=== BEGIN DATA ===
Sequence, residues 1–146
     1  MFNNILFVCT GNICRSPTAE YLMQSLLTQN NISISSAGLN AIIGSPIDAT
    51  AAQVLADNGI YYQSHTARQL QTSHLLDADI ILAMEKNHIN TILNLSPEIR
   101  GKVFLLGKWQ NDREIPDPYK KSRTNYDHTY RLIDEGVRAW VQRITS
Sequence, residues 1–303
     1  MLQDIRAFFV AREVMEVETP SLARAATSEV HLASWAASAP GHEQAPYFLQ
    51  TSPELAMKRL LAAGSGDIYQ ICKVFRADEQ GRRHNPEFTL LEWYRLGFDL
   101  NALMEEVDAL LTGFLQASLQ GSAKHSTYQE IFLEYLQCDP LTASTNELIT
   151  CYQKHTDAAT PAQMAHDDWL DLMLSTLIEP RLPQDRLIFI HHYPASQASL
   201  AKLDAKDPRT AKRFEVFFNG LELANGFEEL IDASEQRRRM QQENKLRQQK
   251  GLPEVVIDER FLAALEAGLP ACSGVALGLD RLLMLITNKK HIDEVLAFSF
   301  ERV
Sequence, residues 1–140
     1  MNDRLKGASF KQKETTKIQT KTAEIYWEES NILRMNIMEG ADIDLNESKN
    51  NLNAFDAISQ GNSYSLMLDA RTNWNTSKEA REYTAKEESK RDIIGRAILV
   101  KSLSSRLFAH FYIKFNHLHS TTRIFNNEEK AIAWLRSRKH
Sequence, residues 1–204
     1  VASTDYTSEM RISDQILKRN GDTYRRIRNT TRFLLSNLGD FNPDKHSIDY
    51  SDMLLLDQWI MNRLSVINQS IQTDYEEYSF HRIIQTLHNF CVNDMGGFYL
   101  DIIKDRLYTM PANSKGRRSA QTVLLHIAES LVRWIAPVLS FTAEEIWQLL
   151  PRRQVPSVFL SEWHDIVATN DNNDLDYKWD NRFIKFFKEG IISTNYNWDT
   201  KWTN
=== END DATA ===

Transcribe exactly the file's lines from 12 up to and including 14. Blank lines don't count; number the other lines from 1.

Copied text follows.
   301  ERV
Sequence, residues 1–140
     1  MNDRLKGASF KQKETTKIQT KTAEIYWEES NILRMNIMEG ADIDLNESKN